It is worth remembering that the filibuster did not save Obamacare — the profound unpopularity of the conservative vision for social welfare did. Even the modest “skinny repeal” bill could not garner 50 votes. And the same is true of Social Security, Medicare, and the other crown jewels of New Deal liberalism. Progressives don’t need supermajority requirements to protect most of their favorite programs because progressive policies aim to serve majoritarian interests, and thus, tend to attract majoritarian support once implemented. By contrast, conservatives do need supermajority requirements to protect against progressive advances, because conservatives aim to serve a plutocratic minority that has had (relatively) little luck in rolling back universal social welfare programs once they’ve been enacted.
Separately, there is the simple fact that we do not have the luxury of passing no major legislation for the next decade. A deepening ecological crisis will (almost certainly) be humanity’s central challenge for the rest of our lives. We have a short window of time to take actions that will keep that crisis in the category of “not quite catastrophic.” And there is no sign that a critical mass of Republican senators will be willing to back the kinds of “big government” interventions necessary for mitigating climate change before it’s too late.
Meanwhile, as indicated above, the Republican Party is actively fomenting a democratic crisis in states across the country, as it seeks to protect its fragile majorities from demographic changes that undermine their popular support. If your central concern is restricting the power of a radical conservative movement, then you should demand that the next Democratic Senate majority abolish the filibuster, and pass a new voting rights act on a party-line basis. From there, that majority could proceed to approve D.C. and Puerto Rican statehood (if the Puerto Rican people are so willing), thereby reducing the GOP’s structural advantage in the Senate.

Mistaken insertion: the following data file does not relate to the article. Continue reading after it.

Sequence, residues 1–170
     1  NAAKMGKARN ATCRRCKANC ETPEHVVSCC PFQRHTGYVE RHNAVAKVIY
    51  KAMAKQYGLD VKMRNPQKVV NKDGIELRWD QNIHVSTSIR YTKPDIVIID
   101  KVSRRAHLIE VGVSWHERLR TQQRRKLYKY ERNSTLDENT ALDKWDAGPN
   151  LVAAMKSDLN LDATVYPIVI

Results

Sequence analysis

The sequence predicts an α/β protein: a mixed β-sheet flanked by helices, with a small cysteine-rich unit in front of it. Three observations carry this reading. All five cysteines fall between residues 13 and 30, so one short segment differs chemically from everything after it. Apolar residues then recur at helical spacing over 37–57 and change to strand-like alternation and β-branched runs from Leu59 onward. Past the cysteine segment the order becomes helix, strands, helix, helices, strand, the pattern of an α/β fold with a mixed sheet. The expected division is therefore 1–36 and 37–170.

The bad argument for the preserving the filibuster is the one Cory Booker made: That it is a good institution on the merits, as it forces bipartisan compromise and protects “minority rights.” This is an obscene stance for anyone who claims to believe in the American people’s capacity for self-government — or the public sector’s capacity for advancing the collective good — to take. At present, the 26 smallest states are home to roughly 17 percent of the U.S. population. Which is to say: The filibuster allows lawmakers elected by less than 17 percent of voters to exercise veto power over any and all laws. This is a monstrously anti-democratic institution with no parallel in any other advanced democracy.
And while the filibuster has protected the rights of minority coalitions in the Senate, this has often come at the cost of protecting the human rights of minority populations. In the 20th century, the filibuster enabled southern segregationists to block anti-lynching laws and delay civil-rights legislation. This millenium, it enabled to nativists to block a pathway to citizenship for Dreamers.
If the Democratic Party’s Senate majority had abolished the legislative filibuster in 2009, it could have conceivably passed a larger stimulus, card check for unions, a public health-insurance option, cap and trade, and a pathway to citizenship for all 11 million undocumented immigrants on a party-line vote. Such legislation would not merely have hastened the onset of the economic recovery, bolstered the labor movement, lowered the uninsured rate, reduced carbon emissions, and spared 11 million vulnerable immigrants from the nightmare of Trump’s radical enforcement regime. It would also have quite likely prevented Trump’s election; add a few million more immigrants to the electorate — and a couple percentage points to the rate of private-sector unionization — and you end up with a country that is both more democratic and more Democratic.
If the erosion of vital democratic norms brought our republic to its present crisis, the faithful observation of anti-democratic norms did, too. If the next unified Democratic government doesn’t learn from this history, they may very well make us all repeat it.